however depends on the circumstances.

“Refusing to submit to a Roadside Screening Test” is the last offence. When you

commit this offence you are refusing without reasonable excuse to give a breath

sample for a roadside screening device, or refusing without reasonable excuse to

accompany a police officer for the purposes of giving such a sample, when

demanded by an officer. Before the officer demands a breathalyzer he must

reasonably suspect that you have alcohol in your blood.

The maximum penalties for impaired driving causing bodily harm to someone is up

to 10 years in prison and up to a 10 year prohabition from driving. The maximum

penalties for impaired driving causing death is up to 14 years and a 10 year

prohabition from driving. The maximum penalty for manslaughter and criminal

negligence causing death is up to life in prison and up to a lifetime

prohabition from driving.

I think that these penalties for all the drinking and driving offences are very

appropriate, but I think impaired driving causing death should be a lifetime

imprisonment. Also if a person is impaired a nd causes bodily harm to some one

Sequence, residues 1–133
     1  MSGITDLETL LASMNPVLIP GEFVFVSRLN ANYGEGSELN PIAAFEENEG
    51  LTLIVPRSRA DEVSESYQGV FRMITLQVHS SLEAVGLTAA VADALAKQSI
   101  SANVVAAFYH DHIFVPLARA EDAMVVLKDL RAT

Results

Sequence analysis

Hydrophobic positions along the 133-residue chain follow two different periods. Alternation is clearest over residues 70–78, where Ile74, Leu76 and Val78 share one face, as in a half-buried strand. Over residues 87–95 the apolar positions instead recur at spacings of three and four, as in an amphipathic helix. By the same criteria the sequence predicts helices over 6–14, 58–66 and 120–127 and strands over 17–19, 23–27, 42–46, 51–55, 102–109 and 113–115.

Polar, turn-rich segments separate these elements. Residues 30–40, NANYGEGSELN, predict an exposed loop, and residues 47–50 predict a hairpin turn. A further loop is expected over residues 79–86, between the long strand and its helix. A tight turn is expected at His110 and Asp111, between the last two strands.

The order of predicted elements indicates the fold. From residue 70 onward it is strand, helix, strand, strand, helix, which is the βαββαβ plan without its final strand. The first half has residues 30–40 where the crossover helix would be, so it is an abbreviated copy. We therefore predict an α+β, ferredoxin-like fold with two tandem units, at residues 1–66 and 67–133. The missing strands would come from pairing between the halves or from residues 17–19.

they should have their licence suspended from him for 20 years instead of 10

years.

BIBLIOGRAPHY

Highway Traffic Law, (Copyright January 1986: Community Legal Education Ontario)

p.17-32

Government Document, Canada Law Reform Commision Report on Investigative Tests:

Aclohol, Drugs, and Driving Offences (1983).

Erwin,Richard E. M.Bender ,Defence of Drunk Driving Cases, Criminal Civil

(Albany 1986) p.79-81

Purich, Donald John, Drinking and Driving:What To Do If Your Caught

(International Self Counsel Pr. 1978) p.22-25

Verticle File at Hill Crest Library, Drinking and Driving-Offences ands

penalties:A Summary (1988) p.2

Verticle File at Hill Crest Liabrary, Criminal Code-Part 6 (1989), section 3,

section 11.

Verticle File at Hill Crest Library, HighWay Trafic (1989), section 26